In the beginning, the poem is set outside of a church just before the wedding guest is about to cross the threshold into the church to witness the wedding. This is also a pivotal part of the poem as this is where the mariner tells his story to the guest. This creates a joyous atmosphere at the beginning, ‘The guests are met, the feast is set, may’st you hear the merry din?’ which is then tainted with the mariners arrival, this brings in a darker atmosphere and creates a sense of foreboding. This prepares the audience for the supernatural and ghostly happenings in the poem yet to come.
Then, the setting changes as the mariner begins to recite his tale to the wedding guest to the harbour as the ship is about to set sail. The setting here reflects the feeling of occasion and delight, ‘the ship was cheered the harbour cleared’‘. Furthermore the use of pathetic fallacy highlights this ‘the sun came up upon the left…and he shone bright’. This is important in the telling of the story as this part is used as a contrast to the darker nature of the poem further on.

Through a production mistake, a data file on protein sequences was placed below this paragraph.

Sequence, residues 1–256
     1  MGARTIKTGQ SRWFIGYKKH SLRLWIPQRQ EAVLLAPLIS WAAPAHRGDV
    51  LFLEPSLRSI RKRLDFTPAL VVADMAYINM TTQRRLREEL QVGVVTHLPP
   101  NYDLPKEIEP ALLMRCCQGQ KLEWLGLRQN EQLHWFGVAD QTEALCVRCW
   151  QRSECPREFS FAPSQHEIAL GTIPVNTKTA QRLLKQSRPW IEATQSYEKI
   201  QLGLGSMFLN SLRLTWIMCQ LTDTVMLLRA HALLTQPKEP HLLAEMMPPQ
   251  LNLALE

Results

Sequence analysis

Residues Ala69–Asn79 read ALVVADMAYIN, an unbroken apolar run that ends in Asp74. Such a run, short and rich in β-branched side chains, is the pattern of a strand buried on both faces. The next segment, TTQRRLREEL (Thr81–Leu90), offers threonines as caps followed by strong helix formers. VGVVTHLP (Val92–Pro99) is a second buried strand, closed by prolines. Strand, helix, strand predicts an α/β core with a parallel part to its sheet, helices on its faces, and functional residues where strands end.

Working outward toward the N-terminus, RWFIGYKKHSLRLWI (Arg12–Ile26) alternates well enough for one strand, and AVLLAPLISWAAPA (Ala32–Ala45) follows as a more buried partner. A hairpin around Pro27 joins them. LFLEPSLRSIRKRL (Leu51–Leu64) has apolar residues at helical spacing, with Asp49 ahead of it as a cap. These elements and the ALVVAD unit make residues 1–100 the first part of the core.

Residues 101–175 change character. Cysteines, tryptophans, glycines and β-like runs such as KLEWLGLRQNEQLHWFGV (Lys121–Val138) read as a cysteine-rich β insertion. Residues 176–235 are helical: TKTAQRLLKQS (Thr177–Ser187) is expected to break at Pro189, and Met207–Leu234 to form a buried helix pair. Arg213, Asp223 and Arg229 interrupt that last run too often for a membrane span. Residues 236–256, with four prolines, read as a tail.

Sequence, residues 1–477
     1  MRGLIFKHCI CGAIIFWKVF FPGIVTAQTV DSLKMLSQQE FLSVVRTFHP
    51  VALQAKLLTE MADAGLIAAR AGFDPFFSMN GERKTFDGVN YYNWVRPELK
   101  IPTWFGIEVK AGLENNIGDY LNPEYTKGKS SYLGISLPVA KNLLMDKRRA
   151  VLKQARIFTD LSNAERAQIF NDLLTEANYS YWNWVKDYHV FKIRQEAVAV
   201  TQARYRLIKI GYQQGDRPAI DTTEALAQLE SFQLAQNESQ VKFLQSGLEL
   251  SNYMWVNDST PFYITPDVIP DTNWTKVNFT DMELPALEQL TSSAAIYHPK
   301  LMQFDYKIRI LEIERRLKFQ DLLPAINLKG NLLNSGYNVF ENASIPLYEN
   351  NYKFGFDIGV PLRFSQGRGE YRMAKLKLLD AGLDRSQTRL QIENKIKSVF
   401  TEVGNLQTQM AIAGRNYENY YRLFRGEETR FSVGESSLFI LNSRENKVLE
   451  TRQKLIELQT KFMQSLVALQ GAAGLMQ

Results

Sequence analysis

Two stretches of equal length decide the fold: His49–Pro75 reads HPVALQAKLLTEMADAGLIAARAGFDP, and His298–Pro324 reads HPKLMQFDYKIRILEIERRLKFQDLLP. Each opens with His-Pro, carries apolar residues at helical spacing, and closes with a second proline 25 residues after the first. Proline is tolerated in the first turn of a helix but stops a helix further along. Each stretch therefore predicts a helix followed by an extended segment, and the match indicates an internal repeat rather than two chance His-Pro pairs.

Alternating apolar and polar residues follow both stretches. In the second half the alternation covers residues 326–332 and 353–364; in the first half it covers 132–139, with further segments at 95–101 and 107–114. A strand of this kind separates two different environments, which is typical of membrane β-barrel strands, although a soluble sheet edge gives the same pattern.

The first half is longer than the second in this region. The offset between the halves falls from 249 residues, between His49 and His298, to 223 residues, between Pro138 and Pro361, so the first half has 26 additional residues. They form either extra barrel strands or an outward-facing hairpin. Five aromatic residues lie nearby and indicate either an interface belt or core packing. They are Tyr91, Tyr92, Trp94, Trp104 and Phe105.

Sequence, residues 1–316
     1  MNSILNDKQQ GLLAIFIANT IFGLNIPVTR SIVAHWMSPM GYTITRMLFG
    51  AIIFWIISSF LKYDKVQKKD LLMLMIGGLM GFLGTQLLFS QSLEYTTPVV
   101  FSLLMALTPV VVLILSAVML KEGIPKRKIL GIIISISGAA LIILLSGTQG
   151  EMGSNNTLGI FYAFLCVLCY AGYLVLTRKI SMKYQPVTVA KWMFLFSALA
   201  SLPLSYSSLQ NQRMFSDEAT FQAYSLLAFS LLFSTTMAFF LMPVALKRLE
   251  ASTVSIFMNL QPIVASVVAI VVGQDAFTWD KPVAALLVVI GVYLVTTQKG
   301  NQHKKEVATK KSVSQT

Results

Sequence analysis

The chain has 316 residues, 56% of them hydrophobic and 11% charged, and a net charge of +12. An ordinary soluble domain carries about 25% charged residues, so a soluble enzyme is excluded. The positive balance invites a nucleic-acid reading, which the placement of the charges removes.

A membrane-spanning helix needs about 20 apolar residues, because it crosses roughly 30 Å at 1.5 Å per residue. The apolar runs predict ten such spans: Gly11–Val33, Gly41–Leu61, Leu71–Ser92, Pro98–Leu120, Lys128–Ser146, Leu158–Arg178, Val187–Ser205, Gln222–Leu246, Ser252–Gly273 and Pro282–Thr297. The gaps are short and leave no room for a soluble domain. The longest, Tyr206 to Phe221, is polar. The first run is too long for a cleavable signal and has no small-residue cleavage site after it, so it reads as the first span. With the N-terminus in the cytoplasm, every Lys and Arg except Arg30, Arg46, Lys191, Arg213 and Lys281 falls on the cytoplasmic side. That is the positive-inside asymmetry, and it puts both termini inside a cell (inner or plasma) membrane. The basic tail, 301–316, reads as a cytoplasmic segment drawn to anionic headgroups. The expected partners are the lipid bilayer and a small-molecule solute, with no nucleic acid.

Moreover, for the remainder of parts one to four, the setting takes place on board the ship and the ocean, during this time the setting is very important in the telling of the story. As the mariner and the crew are subjected to the raging storm in the ocean, this greatly contrasts with the peaceful and calm setting of the harbour and introduces the start of the darkening atmospheres. ‘And now the storm blast came and he was tyrannous and strong’. More over the personification of the storm setting here introduces the reader to the idea of the supernatural forces that make up the darker side of the poem, and therefore here the setting aids the telling of the story.
Additionally the way the setting alternates from the raging storm blast and into the ice world is important. ‘The...